(A) review such strategy, programs, and resources as the Director of the Office of Science and Technology Policy determines pertain to United States national competitiveness in science, research, innovation, and technology transfer, including patenting and licensing, to support the national security strategy;

(B) develop or revise a strategy for the Federal Government to improve the national competitiveness of the United States in science, research, and innovation to support the national security strategy; and

(C) submit to the appropriate committees of Congress—

(i) a report on the findings of the Director with respect to the review conducted under subparagraph (A); and

(ii) the strategy developed or revised under subparagraph (B).

(2) APPLICABLE DATES.—In each year, the applicable date set forth under this paragraph is as follows:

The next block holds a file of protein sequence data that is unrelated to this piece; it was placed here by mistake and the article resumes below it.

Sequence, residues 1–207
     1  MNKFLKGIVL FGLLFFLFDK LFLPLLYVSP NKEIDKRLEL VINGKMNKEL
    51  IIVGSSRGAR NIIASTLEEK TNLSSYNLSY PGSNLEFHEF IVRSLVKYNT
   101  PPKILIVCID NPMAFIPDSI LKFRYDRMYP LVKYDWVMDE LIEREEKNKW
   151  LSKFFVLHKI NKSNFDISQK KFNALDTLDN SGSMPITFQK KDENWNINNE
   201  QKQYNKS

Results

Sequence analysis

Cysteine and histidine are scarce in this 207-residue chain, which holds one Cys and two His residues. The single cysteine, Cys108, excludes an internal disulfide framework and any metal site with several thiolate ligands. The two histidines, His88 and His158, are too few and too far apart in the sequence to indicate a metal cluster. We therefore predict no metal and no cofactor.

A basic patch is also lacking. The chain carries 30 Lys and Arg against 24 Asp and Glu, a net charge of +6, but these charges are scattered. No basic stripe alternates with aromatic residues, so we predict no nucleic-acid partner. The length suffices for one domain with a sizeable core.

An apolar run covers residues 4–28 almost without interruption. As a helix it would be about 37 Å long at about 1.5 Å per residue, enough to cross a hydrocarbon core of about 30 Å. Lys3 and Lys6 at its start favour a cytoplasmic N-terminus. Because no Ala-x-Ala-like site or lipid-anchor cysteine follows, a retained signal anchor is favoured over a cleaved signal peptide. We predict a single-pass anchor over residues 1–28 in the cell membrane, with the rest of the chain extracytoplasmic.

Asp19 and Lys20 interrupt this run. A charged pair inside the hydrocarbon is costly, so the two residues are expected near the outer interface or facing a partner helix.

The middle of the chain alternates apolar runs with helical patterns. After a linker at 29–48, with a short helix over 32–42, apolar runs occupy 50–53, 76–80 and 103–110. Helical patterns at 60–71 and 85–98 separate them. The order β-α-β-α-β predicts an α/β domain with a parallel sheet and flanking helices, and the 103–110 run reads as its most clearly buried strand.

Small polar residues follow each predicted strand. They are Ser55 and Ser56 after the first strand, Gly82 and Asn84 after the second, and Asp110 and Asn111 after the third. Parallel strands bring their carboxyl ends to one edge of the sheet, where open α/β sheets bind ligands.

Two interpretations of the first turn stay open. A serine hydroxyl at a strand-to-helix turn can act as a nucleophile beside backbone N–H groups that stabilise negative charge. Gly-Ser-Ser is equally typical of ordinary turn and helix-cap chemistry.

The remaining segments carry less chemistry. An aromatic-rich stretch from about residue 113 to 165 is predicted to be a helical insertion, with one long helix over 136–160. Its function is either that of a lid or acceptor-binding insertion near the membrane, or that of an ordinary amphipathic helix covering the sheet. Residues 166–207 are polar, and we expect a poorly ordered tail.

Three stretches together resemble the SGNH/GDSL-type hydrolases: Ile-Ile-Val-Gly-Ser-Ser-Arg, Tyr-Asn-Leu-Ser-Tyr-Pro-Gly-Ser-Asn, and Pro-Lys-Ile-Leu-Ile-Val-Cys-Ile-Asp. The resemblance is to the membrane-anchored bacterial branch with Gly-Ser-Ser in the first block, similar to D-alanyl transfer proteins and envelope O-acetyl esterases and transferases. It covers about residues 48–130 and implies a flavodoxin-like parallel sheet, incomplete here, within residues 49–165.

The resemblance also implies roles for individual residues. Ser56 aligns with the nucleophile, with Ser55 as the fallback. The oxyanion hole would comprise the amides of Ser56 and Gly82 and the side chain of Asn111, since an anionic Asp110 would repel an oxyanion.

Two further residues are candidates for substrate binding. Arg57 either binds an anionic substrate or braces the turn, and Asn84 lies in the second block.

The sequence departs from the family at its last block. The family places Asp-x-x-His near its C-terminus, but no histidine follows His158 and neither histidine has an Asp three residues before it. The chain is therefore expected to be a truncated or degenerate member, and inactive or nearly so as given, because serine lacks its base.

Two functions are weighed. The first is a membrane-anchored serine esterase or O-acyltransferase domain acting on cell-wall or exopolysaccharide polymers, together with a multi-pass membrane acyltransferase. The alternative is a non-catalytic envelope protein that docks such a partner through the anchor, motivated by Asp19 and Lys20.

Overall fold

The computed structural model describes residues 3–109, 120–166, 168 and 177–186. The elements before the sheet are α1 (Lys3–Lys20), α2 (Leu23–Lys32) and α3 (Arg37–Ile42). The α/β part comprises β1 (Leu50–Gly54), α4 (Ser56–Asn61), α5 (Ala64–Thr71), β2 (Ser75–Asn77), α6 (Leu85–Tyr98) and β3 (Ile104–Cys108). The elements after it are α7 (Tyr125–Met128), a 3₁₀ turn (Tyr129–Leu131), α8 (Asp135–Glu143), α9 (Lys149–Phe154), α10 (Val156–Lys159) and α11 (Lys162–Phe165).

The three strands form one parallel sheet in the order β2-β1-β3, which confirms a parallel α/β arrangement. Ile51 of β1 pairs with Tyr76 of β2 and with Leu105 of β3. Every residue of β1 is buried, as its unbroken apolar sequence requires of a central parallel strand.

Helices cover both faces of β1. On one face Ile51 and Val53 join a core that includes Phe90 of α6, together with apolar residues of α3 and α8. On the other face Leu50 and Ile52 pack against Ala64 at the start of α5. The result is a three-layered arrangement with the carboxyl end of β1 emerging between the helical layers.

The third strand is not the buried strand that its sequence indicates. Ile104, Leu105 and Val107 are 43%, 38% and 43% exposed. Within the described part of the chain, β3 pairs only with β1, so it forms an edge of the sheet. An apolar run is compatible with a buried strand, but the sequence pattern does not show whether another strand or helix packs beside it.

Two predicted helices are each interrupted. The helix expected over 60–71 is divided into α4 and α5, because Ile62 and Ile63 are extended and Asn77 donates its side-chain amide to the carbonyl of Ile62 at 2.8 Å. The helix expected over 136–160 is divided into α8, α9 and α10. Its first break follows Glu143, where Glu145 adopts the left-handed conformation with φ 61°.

(A) In 2021, December 31, 2021.

(B) In 2022 and every year thereafter—

(i) in any year in which a new President is inaugurated, October 1 of that year; and

(ii) in any other year, the date that is 90 days after the date of the transmission to Congress in that year of the national security strategy.

(c) Elements.—

(1) REPORT.—Each report submitted under subsection (b)(1)(C)(i) shall include the following:

(A) An assessment of public and private investment in civilian and military science and technology and its implications for the geostrategic position and national security of the United States.

(B) A description of the prioritized economic security interests and objectives, including domestic job creation, of the United States relating to science, research, and innovation and an assessment of how investment in civilian and military science and technology can advance those objectives.

(C) An assessment of how regional efforts are contributing and could contribute to the innovation capacity of the United States, including—

(i) programs run by State and local governments; and

(ii) regional factors that are contributing or could contribute positively to innovation.

(D) An assessment of—